repl dict'

eval :: Dict -> String -> (Maybe String, Dict)
eval dict s = case parse jLine "" s of
  Left err -> (Just $ "| " ++ show err, dict)
  Right ws -> let
    xs = "" : reverse ("":filter (not . isPrefixOf "NB.") ws)
    (mj, dict') = ast dict xs []
    in (dump <$> mj, dict')

dump j = let Shaped _ xs = jOpen j in case jGetI $ xs!0 of
  Just 0  -> show $ jOpen $ xs!1
  Nothing -> show j

Parsing and execution follows Chapter 39 of J for C Programmers; an alternative is to make our interpreter behave more conventionally and separate parsing from execution by removing the run calls from ast, and only calling run once the entire expression has been parsed.

Storing the abstract syntax tree in native J data structures has some drawbacks. Every time we wish to determine if a given box contains a noun, verb, adverb, or conjunction, we must go through a bunch of tests. Perhaps the offical J interpreter caches what part of speech a box belongs to, and this is why gerunds built from strings differ to those built from expressions.

The tie conjunction is handled specially because unlike other conjunctions, it returns a noun.

ast :: Bool -> Dict -> [String] -> [Jumble] -> (Maybe Jumble, Dict)
ast echo dict xs st
  | length st < 4 = shift
  -- 0 Monad
  | ecl, isV j1, isN j2 =
    reduce (j0:run dict (jBox $ fromList [j1, jBox $ singleton j2]):j3:rest)
  -- 1 Monad
  | eclavn, isV j1, isV j2, isN j3 =
    reduce (j0:j1:run dict (jBox $ fromList [j2, jBox $ singleton j3]):rest)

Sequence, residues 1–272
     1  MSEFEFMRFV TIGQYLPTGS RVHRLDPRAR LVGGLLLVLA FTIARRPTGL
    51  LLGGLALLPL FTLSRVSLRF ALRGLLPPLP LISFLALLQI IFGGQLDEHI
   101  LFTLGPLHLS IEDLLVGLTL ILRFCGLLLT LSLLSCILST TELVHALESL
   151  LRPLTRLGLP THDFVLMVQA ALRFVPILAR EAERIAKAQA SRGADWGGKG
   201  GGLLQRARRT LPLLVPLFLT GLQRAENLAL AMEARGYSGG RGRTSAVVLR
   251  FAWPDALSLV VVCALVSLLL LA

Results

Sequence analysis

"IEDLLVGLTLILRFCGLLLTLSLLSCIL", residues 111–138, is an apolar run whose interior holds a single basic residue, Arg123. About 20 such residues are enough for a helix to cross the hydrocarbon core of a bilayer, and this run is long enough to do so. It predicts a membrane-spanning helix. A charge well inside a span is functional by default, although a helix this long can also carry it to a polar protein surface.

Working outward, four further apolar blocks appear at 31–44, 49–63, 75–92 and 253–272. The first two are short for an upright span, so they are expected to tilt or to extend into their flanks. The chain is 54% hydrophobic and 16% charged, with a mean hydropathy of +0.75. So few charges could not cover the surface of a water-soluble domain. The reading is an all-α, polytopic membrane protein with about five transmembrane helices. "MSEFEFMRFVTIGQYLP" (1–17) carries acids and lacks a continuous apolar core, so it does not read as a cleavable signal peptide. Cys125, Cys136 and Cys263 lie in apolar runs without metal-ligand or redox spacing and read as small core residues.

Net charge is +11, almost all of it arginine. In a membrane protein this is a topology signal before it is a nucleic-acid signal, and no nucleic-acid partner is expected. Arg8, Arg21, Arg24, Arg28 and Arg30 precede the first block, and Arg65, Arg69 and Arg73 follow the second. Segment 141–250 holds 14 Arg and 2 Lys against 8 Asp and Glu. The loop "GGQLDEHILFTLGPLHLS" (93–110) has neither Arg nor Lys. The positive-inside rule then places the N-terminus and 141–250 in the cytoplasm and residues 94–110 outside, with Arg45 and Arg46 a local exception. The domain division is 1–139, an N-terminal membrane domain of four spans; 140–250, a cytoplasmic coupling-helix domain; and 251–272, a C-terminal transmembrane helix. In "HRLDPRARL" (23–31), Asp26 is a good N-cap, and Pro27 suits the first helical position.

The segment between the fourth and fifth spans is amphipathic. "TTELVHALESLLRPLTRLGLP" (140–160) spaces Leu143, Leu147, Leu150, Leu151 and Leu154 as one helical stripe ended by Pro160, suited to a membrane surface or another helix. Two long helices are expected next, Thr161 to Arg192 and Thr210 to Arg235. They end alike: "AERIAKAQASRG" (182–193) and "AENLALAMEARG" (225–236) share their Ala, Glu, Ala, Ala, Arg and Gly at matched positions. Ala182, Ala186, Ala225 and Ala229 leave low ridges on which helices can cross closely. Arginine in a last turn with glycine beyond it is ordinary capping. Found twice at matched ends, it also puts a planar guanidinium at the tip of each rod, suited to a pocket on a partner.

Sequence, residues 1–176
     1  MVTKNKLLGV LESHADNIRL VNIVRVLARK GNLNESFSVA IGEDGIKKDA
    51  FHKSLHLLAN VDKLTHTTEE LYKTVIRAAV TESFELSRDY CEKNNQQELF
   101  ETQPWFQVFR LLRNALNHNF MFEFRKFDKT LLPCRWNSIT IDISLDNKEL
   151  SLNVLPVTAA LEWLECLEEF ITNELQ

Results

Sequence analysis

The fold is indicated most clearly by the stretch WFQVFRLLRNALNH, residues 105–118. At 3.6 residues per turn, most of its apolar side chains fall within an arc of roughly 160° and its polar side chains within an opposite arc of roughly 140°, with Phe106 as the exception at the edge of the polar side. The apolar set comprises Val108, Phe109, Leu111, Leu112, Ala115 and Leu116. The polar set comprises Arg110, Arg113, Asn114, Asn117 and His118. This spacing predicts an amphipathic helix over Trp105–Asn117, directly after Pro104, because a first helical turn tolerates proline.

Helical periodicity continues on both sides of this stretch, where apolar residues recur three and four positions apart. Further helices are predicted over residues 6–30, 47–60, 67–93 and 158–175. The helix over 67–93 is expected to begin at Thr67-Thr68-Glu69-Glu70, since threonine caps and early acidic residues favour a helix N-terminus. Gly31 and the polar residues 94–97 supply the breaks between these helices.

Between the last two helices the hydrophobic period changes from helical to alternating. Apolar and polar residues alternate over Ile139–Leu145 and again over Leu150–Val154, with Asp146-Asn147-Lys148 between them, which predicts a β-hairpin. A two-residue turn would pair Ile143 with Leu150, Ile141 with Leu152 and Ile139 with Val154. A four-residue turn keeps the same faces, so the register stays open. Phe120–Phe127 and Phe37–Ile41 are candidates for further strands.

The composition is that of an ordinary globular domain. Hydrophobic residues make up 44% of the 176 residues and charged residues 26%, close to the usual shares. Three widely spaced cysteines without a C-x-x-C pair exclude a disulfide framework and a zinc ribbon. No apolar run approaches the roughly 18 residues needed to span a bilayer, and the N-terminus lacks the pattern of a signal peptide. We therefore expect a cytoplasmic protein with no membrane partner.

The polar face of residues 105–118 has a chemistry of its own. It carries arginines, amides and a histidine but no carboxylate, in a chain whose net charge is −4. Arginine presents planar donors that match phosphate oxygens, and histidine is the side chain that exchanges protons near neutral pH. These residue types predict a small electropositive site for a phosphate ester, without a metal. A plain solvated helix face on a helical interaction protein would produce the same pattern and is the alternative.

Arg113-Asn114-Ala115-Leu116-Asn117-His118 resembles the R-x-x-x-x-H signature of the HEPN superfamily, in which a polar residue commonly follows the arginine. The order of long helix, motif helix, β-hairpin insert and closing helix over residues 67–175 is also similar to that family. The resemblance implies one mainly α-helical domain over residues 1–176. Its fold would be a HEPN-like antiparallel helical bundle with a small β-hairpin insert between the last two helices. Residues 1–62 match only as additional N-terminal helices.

-- 2 Dyad
  | eclavn, isN j1, isV j2, isN j3 =
    reduce (j0:run dict (jBox $ fromList [j2, jBox $ fromList [j1, j3]]):rest)
  -- 3 Adverb
  | eclavn, isV j1, isA j2 =
    reduce (j0:jBox (fromList [j2, jBox $ singleton j1]):j3:rest)
  -- 4 Conjunction
  | eclavn, isV j1 || isN j1, isC j2, isV j3 || isN j3 =
    reduce (j0:jBox (fromList [j2, jBox $ fromList [j1, j3]]):rest)
  -- 5 Fork
  | eclavn, isV j1, isV j2, isV j3 =
    reduce (j0:jBox (fromList [jBox $ singleton $ intToJumble 3, jBox $ fromList [j1, j2, j3]]):rest)
  -- 6 Hook
  | ecl, isV j1, isV j2 =
    reduce (j0:jBox (fromList [jBox $ singleton $ intToJumble 2, jBox $ fromList [j1, j2]]):j3:rest)
  -- 7 Is
  | Just name <- jGets j0, match j1 ["=.", "=:"], isCAVN j2 =
    ast False (M.insert name j2 dict) xs (j2:j3:rest)
  -- 8 Paren
  | match j0 ["("], isCAVN j1, match j2 [")"] = reduce (j1:j3:rest)
  | otherwise = shift
  where
    (j0:j1:j2:j3:rest) = st
    ecl = match j0 ["", "=.", "=:", "("]
    eclavn = ecl || isA j0 || isV j0 || isN j0
    f = sym dict
    isA j | Just x <- f j = isA x
          | Just s <- jGets j = s `M.member` adverbDict
          | Shaped [2] xs <- jOpen j, Just i <- jGetI $ xs!0 = i == 4
          | otherwise = False
    isV j | Just x <- f j = isV x
          | Just s <- jGets j = s `M.member` verbDict
          | Shaped [2] xs <- jOpen j, Just i <- jGetI $ xs!0 = i == 2 || i == 3
          | Shaped [2] xs <- jOpen j = isA (xs!0) || (isC (xs!0) && Just "`" /= jGets (xs!0))
          | otherwise = False
    isN j | Just x <- f j = isN x
          | Shaped [2] xs <- jOpen j, Just i <- jGetI $ xs!0 = i == 0
          | Shaped [2] xs <- jOpen j = isV (xs!0) || Just "`" == jGets (xs!0)
          | otherwise = False
    isC j | Just x <- f j = isC x
          | Just s <- jGets j = s `M.member` conjunctionDict
          | otherwise = False
    isCAVN j = isC j || isA j || isV j || isN j